The mission of the Office of Research and Development (ORD) is to conduct exploratory research and technology development to support all Agency components in the collection, processing and production of intelligence. ORD is often called upon to perform the same role in support of other Intelligence Community and U.S. Government agencies. ORD utilizes both its own scientific and technical resources and those of private industry to perform this mission.
PHYSICAL SCIENTIST-RESEARCH: Degree Requirements: Master's or higher degree in physics (solid state or optical), chemistry, chemical engineering, nuclear engineering, or electrical/electronic engineering with additional study in applied mathematics, operations research, or computer science, or vice versa; or Bachelor's degree with requisite experience. Advanced degrees in two or more disparate areas of study are desirable. Applicants should be well read in areas outside their own specialities.
Generic Description: Conceives and defines research and development projects on own initiative or in a response to the expressed problems or anticipated needs of other client components of the Agency. Translates ill-defined problem areas into recommended research projects. Evaluates new concepts and articulates the implications of research at the forward edge of technology toward the solution of specific intelligence problems. Serves as systems analyst and project management officer in overseeing the technical progress of several research contracts concurrently. Supervises the work of other project officers, directs the utilization of allocated resources, and prepares technical project status reports and briefings. Grade range: GS-12 to GS-15.
COMPUTER SCIENTIST-RESEARCH: Degree Requirements: Master's or higher degree in computer science, mathematics, operations research, electrical engineering or another area with emphasis on computer applications. Applicants should be well read in areas outside their own specialities.
Generic Description: Conceives and defines exploratory research and development projects on own initiative or in response to the expressed problems or anticipated needs of other components of the Agency. Evaluates new concepts and articulates the implications of research at the forward edge of technology toward the solution of specific intelligence problems. Current areas of interest include networking, data communications, distributed systems and distributed data bases with emphasis on higher level protocols and applications interfaces; application of artificial intelligence including the development of expert systems knowledge representation, robotics; computer applications in a variety of areas including cartography, custom VLSI, text processing, graphics, management information systems, storage technologies, computer-aided instruction, machine and machine-aided foreign language translation, interfaces to data officer in overseeing the technical progress of several research resources and prepares technical project status reports and briefings. Grade range: GS-12 to GS-15.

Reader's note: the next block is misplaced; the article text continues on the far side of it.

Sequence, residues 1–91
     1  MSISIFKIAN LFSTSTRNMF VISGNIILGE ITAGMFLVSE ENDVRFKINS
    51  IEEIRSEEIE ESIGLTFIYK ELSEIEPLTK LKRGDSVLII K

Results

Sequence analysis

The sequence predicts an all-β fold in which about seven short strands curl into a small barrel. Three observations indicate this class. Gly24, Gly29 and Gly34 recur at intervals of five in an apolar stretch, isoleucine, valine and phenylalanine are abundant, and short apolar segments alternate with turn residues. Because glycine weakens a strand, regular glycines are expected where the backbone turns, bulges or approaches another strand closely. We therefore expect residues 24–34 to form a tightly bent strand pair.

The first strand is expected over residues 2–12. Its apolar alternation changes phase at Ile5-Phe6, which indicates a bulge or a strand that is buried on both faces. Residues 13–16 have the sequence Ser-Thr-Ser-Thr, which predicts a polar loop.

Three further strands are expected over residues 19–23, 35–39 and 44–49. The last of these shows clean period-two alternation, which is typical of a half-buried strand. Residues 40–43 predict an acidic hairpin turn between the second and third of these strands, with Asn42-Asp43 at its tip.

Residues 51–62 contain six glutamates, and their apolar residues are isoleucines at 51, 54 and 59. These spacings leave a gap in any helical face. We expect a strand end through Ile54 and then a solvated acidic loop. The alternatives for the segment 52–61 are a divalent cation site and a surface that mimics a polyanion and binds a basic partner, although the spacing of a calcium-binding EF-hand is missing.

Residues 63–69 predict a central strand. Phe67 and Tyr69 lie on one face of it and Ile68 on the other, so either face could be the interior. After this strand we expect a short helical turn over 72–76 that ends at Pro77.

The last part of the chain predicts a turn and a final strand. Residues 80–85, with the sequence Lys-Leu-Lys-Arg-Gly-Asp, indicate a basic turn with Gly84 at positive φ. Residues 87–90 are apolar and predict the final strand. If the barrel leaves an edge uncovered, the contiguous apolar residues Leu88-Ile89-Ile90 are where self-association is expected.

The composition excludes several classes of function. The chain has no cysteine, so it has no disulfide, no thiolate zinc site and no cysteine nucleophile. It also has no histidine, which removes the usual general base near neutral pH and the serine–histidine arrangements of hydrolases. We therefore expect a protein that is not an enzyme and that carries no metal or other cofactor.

IMAGERY SCIENTIST-RESEARCH: Degree Requirements: Master's or higher degree in physics, mathematics, computer science, or any other degree related to signal/image exploitation which includes quantitative as well as computer skills. Applicants should be well-read in areas outside their own specialities.
Generic Description: Conceives and defines research and development projects on own initiative or in response to the expressed problem or anticipated needs of other client components of the Agency in the fields of signal or image exploitation. Translates ill-defined problem areas into recommended research projects. Evaluates new concepts and articulates the implications of research at the forward edge of technology toward the solution of specific intelligence problems. Current areas of interest include applications of artificial intelligence technologies, such as image understanding, signal understanding, natural language interfaces, etc. Serves as computer scientist and project management officer in overseeing the technical progress of several research contracts concurrently. Directs the utilization of allocated resources, and prepares technical project status reports and briefings. Grade range: GS-12 to GS-15.
PHYSICAL SCIENTIST-RESEARCH: Degree Requirements: Ph.D. degree or equivalent research experience in any of a variety of relevant disciplines such as the physical sciences, social sciences, computer sciences, linguistics, etc. Several years of successful industrial/governmental/academic experience doing noteworthy applied research is required.
Generic Description: Working in a "think-tank" environment with specialists in diverse fields, conducts individual research projects aimed at identifying/defining future intelligence issues and problems or creating/synthesizing new approaches to identified intelligence problems. Identifies potential future research areas for other elements of ORO. May manage small, external research projects as well. The position is usually occupied for a period of two years; opportunities exist for reassignment to other positions within ORO and the Agency. Grade range: GS-14 to GS-15.